Charles Gormley was an optician before he became a filmmaker. The switch happened in the late sixties, just as he was approaching his thirties. Spectacles were swapped for screenplays and Gormley found himself penning commentaries for Scottish-themed documentaries. These were mostly commissions from the Films of Scotland Committee which had been set up as a means of promoting national industry, tourism and social change. (Two of his early credits, Island of the Big Cloth and Islands of the West, have been issued onto disc by Panamint Cinema; see their Weave Me a Rainbow, Iona - Dove Across the Water and A Pride of Islands compilations.) At the same time Gormley was also working in fiction. He wrote the 1967 Children’s Film Foundation effort The Big Catch and, rather unexpectedly, would regularly commute to Amsterdam to collaborate with various members of the Dutch New Wave.
Gormley’s most common collaborator was fellow Scot Bill Forsyth. Together they co-founded Tree Films, a key provider of industrial documentaries between 1972 and 1979. Forsyth had also started out in non-fiction, primarily as an editor, though his own production company allowed a move into direction just as it had done for Gormley. Tree Films’ demise coincided with his break into features, That Sinking Feeling arriving in 1979 and swiftly followed by Gregory’s Girl a year later. By the time of his third feature, 1983’s Local Hero, Forsyth was a BAFTA-winning director and one of the great hopes for British cinema. Gormley, meanwhile, had just completed his first feature-length work as writer-director, Living Apart Together, for Channel 4.
Heavenly Pursuits was Gormley’s theatrical debut, financed by Film Four International and the National Film Finance Corporation who, incidentally, also had an involvement in Gregory’s Girl. Whether they expected another piece of Scottish whimsy in a similar vein to Forsyth (though he hated his work being labelled whimsical) is worth asking. Michael Hoffman’s Restless Natives (1985) and Cary Parker’s The Girl in the Picture (1986), starring John Gordon-Sinclair, certainly felt like they were cashing in on Local Hero’s success, but maybe that’s simply because Scottish features were so rare in the mid-eighties. Indeed, as a gentle Glasgow-set comedy-drama it’s hard for Heavenly Pursuits to escape the comparisons even if it wanted to. The fact that Gormley and Forsyth were friends and former collaborators only makes it more difficult.
The drama unfolds at a secondary school named after the Blessed Edith Semple. Tom Conti plays a teacher whose class consists of the less bright kids (including a very young Ewen Bremner), Helen Mirren is the new music teacher, and David Hayman is on the staff too. The Blessed Edith performed a miracle around the time of the First World War and now local Father Brian Pettifer is attempting to raise her to the status of Saint. Assemblies at the school involve praying for the sick and the crippled, not that Conti believes in such things. His approach to education is far more pragmatic, though things take a turn once he collapses at a bus stop. He is suffering from a soon-to-be fatal brain tumour, so soon in fact that the doctors don’t even tell him. As such he carries on in his own cynical way, trying to woo Mirren in the process and waiting, unwittingly, for circumstances to catch up with him.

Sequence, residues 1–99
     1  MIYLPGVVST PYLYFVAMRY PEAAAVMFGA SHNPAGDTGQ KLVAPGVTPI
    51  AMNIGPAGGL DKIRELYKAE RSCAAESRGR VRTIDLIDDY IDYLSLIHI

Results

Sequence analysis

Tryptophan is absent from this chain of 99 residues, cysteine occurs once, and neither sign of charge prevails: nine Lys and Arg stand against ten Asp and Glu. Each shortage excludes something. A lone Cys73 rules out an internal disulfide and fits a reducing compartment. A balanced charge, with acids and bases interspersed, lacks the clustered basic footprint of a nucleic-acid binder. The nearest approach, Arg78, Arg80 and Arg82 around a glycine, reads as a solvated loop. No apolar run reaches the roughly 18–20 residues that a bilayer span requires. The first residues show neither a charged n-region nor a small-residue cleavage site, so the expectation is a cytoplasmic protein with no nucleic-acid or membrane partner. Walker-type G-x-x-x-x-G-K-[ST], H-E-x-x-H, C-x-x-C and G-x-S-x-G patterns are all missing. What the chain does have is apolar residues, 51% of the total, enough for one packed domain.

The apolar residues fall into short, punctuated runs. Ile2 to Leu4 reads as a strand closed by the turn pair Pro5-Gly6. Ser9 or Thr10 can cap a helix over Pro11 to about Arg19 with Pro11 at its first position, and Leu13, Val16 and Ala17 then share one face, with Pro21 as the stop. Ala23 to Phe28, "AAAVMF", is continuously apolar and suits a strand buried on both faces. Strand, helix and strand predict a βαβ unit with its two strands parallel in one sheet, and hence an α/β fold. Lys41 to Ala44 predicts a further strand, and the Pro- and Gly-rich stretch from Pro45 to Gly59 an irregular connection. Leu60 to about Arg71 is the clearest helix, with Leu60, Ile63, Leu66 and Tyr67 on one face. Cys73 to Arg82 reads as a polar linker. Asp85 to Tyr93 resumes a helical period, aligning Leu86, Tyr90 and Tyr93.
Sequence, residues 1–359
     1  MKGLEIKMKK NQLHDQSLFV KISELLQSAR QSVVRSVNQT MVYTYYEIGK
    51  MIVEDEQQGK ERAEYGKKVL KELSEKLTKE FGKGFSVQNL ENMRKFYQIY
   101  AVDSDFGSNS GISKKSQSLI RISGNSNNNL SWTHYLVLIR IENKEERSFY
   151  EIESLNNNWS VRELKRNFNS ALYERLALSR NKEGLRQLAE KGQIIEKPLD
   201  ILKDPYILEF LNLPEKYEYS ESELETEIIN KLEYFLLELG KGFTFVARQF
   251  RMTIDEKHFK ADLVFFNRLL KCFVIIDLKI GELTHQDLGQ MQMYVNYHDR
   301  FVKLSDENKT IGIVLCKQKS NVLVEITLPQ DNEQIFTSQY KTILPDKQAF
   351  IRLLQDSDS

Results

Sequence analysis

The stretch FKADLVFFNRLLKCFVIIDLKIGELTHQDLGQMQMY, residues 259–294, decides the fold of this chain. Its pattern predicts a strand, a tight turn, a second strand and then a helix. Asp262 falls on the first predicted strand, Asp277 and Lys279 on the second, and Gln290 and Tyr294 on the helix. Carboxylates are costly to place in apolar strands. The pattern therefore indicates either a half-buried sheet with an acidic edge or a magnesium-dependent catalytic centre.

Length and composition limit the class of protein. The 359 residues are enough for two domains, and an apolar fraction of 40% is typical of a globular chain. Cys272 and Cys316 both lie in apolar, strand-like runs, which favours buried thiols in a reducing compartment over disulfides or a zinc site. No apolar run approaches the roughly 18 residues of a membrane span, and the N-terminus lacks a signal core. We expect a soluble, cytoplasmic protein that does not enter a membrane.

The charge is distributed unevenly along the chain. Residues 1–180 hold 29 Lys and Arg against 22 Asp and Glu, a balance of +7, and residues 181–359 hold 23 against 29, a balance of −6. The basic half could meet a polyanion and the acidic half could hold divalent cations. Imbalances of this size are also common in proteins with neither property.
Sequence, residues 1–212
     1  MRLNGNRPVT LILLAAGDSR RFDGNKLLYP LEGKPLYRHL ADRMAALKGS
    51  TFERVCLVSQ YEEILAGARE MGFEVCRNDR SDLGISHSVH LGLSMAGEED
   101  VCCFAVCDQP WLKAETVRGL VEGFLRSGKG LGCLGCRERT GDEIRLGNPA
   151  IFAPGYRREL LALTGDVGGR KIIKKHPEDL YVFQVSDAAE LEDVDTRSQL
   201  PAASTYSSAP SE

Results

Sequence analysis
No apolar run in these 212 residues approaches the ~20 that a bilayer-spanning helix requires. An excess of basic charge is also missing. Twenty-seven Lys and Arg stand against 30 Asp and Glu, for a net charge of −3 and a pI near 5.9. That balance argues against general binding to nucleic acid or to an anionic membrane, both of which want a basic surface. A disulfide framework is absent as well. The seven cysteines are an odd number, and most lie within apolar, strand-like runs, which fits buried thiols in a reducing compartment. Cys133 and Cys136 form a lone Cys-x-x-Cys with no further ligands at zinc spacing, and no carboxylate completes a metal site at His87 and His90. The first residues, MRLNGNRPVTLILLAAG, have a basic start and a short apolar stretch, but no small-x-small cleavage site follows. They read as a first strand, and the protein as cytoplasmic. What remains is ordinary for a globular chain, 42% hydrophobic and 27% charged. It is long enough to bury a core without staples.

Conti is thoroughly likeable in the lead role. He also manages to be entirely unassuming throughout - a pleasing contrast to his previous big screen lead, in Reuben, Reuben, for which he’d earned an Oscar nomination. Gormley, you imagine, insisted on keeping things low-key, perhaps a holdover from his years in industrial documentaries and the no-nonsense approach they demanded (much the same is true of Forsyth too). He lets his script do the talking and ensures that the actors never overpower it. The humour - and therefore appeal - derives from smart one-liners and droll asides; for all the talk of miracles, it’s what people say that matters not what happens. As such the entire film can also seem somewhat unassuming at times, but arguably that’s part of its charm.
Heavenly Pursuits is a film of minor pleasures, perfectly agreeable without ever making a genuine impact. This new DVD is its first release in the UK since a 1986 VHS and I doubt that anybody’s really missed it since then. That’s not to say that many won’t enjoy getting reacquainted, but rather that this is a film without lasting effects. It’s solidly performed and solidly put together (many of the key crew members had worked with Gormley since the documentary days and served on Forsyth’s early features too), has a witty script and makes for a charming 90 minutes of entertainment. That it doesn’t go any further than that - and achieve the levels of a Gregory’s Girl or a Local Hero - needn’t be seen as a bad thing.
Park Circus seem to be making a habit of rescuing minor Scottish-set features. Heavenly Pursuits follows Peter Mullan’s Orphans and the 1940s pair of The Brothers and Floodtide (review) onto disc, though sadly it’s an extras-free one. Nonetheless, the presentation is a pleasing one and offers the film up in its original aspect ratio (1.85:1, anamorphically enhanced) and in good condition. Damage is a rarity, the colours are strong and Mike Coulter’s excellent photography is served extremely well. The original mono soundtrack is in just as good a shape, coping ably with the dialogue and B.A. Robertson’s score (which, admittedly, is a little on the dated side, especially its heavy use of saxophone). As with the lack of extras there is also a lack of optional subtitles, English or otherwise.